- inputting into the development of an Exemplar Project for the Clyde Valley region that reflects the ambitions and vision of the strategy
The thinking behind focusing on these areas include an ambition to adopt a process of communication that is as much about listening as it is about sharing information. In doing so enable the voices of those at risk to have their say and be considered co-visionaries of alternatives and co-authors of the strategy and action plan to transform vision into reality. Also to draw on community and individual stories to bring life and a face to the wider narratives of the impacts of the climate crisis in the region and the data that supports it.
Gus Speth a leading environmental scientist and the first advisor to a US president on climate change, has reframed the top environmental problems as ‘selfishness, greed and apathy’ and goes on to say that in order to deal with these ‘we need a spiritual and cultural transformation and we scientists don’t know how to do that’ – Lucy Neal
The Embedded Artist post within Climate Ready Clyde is facilitated by Creative Carbon Scotland who connect arts with sustainability and believe that the practices of artists of all disciplines have a role to play in the transformation to a more sustainable Scotland. It forms one of four Embedded Artist posts each working within a different EU country as part of the Cultural Adaptations project, co-funded by the European Union’s Creative Europe programme with match-funding from the Scottish Government.
Lead by Creative Carbon Scotland, Cultural Adaptations seeks to find creative, innovative and place-based responses to climate change impacts, equipping cultural organisations and cities with the knowledge and skills they need.
Leading cultural organisations in the Glasgow, Ghent, Gothenburg and Dublin city regions are paired with municipal sustainability partners to drive change by embedding artists in strategic processes, co-create advice for cultural organisations adapting their business models to climate predictions, host transnational knowledge-sharing, develop resources to widen the impact of the project and enable international replication. The project will host an international conference in Scotland in autumn 2020, to explore and analyse the outputs and share learning. The project will culminate with the launch of easily usable toolkits to support cultural organisations to develop their own climate adaptation strategies and adaptation organisations to develop Embedded Artist-type projects.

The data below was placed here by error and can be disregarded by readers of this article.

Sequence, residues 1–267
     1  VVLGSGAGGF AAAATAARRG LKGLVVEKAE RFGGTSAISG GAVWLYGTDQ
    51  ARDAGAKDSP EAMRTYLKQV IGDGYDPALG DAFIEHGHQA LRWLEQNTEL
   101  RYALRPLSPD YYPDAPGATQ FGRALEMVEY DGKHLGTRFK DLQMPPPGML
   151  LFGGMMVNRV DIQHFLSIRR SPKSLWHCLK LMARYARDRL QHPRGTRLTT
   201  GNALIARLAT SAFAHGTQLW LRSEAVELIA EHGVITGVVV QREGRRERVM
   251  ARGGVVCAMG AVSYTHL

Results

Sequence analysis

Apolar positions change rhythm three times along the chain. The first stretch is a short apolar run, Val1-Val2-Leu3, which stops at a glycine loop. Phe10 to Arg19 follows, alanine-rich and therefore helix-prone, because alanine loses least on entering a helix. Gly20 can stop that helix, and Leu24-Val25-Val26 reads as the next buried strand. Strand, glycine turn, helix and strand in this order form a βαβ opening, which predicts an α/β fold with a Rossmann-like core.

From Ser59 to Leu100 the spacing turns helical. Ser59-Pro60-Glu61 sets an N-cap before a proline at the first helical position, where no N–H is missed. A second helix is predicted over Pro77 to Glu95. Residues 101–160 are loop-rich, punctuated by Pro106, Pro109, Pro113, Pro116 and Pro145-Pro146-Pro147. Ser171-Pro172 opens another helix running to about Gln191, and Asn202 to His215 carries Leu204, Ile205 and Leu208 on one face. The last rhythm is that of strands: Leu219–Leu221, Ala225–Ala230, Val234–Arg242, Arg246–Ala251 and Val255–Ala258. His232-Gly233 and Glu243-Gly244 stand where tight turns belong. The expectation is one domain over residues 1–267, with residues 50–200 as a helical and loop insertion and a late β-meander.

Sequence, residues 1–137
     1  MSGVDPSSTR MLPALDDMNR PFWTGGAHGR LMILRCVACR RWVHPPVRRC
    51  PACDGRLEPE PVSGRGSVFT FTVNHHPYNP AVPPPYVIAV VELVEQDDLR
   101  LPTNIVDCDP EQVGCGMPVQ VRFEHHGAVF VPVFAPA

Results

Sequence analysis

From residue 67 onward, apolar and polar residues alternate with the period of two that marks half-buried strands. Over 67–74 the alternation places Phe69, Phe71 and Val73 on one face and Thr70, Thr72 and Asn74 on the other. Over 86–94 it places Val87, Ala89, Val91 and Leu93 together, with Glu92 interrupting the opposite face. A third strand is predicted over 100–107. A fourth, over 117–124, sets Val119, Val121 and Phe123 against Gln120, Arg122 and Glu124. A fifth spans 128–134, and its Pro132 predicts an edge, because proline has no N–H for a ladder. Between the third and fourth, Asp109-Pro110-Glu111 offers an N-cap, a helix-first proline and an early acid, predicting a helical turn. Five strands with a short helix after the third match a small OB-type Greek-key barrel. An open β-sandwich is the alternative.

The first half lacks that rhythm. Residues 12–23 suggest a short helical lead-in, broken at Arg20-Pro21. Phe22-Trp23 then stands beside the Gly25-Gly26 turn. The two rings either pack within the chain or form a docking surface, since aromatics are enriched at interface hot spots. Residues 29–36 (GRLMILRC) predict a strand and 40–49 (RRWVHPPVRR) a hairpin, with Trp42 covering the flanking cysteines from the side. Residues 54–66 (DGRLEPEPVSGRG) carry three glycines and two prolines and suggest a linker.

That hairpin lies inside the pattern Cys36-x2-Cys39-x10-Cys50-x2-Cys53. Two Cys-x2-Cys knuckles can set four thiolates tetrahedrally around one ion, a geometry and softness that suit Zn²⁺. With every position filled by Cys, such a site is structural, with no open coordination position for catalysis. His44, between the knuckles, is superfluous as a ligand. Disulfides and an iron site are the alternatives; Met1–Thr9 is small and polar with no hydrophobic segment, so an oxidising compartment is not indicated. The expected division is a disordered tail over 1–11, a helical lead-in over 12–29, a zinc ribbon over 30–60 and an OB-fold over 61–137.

The ability of an Embedded Artist to encourage creative approaches to thinking and communication beyond economic considerations was acknowledged during workshop sessions at Cultural Adaptations Glasgow, the first in the project’s transnational meetings in each partner country (a full report, images and video interviews were recently published). However, a wider role was also discussed as one that included witnessing, documenting and introducing people centered provocation to climate adaptation.
A good strategy presents hope and is one that the public, communities, individuals and companies buy into as agents of change. In a week in which the UK parliament declared a climate change emergency and the Scottish government committed to going greener, faster, the job of an artist, embedded or otherwise, to foster solidarity, contribute to and communicate visions of alternatives and the empowered steps we need to take to realise them, is more pressing and important than ever.